“Our work to develop and maintain access to markets on behalf of our membership continued, with ongoing initiatives in market development and health and safety,” said Tim Outteridge, secretary-general. “In parallel, we have been developing a new strategic plan based on members’ feedback and designed to build on our collective strength as a global community.

“The award of Mutual Acceptance of Data (MAD) status for IMOA’s toxicological dataset was an outstanding achievement. Awarded by the OECD, the dataset is now the key reference point for the development or review of any legislation concerning molybdenum in over 40 countries.”

IMOA continues to support members in technical discussions around the world, sharing data and aiming to ensure a fair outcome in regulatory matters. IMOA’s Molybdenum Consortium (MoCon) completed the first updates of technical dossiers with significant new scientific data, as required by the EU’s REACH regulation.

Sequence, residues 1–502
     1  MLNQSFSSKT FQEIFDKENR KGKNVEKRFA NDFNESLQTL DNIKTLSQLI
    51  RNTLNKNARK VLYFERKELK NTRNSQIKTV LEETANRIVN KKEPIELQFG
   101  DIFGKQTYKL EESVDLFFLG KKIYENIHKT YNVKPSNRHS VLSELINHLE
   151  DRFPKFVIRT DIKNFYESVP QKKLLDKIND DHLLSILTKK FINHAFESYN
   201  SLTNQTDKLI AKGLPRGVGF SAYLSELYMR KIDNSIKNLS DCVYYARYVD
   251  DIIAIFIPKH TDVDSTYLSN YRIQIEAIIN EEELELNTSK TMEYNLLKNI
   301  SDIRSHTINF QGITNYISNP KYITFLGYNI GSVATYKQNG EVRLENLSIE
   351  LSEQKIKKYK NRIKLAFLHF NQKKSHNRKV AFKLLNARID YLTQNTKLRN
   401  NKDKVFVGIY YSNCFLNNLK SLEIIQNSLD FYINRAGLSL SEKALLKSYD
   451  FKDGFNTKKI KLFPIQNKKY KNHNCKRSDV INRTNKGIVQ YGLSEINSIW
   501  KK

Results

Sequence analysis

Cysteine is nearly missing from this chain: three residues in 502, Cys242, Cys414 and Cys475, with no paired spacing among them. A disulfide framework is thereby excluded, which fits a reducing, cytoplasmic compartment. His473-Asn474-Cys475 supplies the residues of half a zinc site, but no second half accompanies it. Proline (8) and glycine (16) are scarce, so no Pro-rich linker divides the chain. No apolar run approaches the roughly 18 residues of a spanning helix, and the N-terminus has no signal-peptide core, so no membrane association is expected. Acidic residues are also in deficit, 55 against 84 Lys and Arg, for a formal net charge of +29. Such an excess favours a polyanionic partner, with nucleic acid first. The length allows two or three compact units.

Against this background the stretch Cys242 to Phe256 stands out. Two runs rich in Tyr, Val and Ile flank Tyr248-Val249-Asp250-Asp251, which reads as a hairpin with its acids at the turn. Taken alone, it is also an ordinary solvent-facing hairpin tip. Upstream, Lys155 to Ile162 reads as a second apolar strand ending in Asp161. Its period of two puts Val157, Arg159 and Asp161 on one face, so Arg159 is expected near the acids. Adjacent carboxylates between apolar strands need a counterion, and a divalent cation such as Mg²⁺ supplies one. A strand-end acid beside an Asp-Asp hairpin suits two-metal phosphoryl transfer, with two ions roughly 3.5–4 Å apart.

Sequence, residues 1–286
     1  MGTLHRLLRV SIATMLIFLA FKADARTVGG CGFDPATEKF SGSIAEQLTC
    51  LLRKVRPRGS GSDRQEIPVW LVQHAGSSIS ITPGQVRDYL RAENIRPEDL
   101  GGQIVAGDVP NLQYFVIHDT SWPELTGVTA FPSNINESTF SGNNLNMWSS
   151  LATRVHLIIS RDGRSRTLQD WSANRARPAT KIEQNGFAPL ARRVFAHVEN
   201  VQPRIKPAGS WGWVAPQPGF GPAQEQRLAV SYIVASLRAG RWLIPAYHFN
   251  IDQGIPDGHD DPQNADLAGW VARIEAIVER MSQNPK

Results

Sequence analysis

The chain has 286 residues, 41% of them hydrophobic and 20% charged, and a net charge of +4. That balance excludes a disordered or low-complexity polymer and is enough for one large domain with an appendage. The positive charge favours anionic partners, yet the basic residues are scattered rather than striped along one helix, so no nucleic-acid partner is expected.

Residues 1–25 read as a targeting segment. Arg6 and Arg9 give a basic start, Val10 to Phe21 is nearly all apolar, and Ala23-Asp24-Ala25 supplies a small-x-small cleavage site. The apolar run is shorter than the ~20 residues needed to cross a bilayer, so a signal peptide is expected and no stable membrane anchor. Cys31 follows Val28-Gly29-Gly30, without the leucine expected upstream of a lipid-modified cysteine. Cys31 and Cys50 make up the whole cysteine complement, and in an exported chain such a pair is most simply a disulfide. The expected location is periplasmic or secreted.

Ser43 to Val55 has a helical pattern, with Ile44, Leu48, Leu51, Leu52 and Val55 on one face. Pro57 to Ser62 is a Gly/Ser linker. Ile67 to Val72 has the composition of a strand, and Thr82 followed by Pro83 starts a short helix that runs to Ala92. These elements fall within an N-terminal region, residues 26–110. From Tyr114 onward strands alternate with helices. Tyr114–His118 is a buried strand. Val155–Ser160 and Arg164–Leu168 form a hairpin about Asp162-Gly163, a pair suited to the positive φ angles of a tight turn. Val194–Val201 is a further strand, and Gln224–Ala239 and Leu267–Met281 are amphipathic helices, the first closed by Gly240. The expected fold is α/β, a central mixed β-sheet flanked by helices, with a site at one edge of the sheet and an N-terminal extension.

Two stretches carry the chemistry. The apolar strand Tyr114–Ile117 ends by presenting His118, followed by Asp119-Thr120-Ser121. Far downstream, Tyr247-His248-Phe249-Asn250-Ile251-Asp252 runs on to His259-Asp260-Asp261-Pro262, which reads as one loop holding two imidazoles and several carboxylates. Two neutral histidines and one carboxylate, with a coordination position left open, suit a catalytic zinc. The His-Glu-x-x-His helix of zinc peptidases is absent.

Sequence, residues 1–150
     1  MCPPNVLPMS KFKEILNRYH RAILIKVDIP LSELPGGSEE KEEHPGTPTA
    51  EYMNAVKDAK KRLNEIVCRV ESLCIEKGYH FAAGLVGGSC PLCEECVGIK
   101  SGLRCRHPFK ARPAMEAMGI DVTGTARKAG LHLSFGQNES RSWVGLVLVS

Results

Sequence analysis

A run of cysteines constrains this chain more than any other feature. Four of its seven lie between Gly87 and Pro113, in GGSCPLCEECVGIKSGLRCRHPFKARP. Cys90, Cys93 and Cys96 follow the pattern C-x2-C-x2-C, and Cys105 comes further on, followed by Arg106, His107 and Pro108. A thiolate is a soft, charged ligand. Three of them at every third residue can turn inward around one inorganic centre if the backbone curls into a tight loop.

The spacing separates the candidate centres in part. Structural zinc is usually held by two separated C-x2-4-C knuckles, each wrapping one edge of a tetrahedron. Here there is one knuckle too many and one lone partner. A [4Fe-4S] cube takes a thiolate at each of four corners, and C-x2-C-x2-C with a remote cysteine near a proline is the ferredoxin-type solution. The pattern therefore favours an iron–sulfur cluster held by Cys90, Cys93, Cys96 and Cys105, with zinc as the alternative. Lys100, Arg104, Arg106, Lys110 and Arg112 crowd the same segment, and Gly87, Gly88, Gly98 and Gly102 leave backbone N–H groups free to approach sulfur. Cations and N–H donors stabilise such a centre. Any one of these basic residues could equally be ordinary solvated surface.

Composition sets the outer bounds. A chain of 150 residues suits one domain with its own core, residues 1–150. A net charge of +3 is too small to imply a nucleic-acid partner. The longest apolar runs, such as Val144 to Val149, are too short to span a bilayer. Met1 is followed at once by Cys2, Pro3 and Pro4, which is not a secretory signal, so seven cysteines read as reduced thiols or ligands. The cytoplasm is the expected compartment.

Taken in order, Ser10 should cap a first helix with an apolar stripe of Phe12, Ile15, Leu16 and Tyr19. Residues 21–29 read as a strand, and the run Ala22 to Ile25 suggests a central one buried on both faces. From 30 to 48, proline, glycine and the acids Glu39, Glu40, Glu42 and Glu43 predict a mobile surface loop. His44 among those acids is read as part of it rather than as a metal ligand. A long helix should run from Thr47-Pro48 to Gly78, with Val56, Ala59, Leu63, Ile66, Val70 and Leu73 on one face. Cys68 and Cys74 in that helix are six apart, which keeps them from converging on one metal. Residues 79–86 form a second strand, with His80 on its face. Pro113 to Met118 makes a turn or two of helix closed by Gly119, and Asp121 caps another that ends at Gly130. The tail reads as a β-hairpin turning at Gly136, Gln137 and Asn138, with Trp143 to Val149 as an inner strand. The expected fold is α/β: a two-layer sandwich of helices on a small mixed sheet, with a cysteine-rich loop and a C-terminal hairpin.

Expanded uses

“Market development activities have focused on raising the profile of molybdenum in steel across a range of sectors,” said Outteridge. “Successful trials of new molybdenum-containing multiphase and press-hardening steel took place at a number of mills throughout Europe and Asia, with an expansion in the use of molybdenum alloying expected. China remains an important target and IMOA has co-founded a promotion group to popularize stainless steel in this vast potential market. Additionally, IMOA’s research program to find new and expanded uses for molybdenum continues with nine projects currently active.

“[This year] we commissioned an LCA study working with PE International, examining the role of molybdenum in ‘lightweighting’ cars in more detail. The study found that a component manufactured from advanced high-strength steel containing molybdenum in the new model Ford Fusion reduced attributable greenhouse gas emissions by some 29% compared with traditional component designs.”

The review can be found here.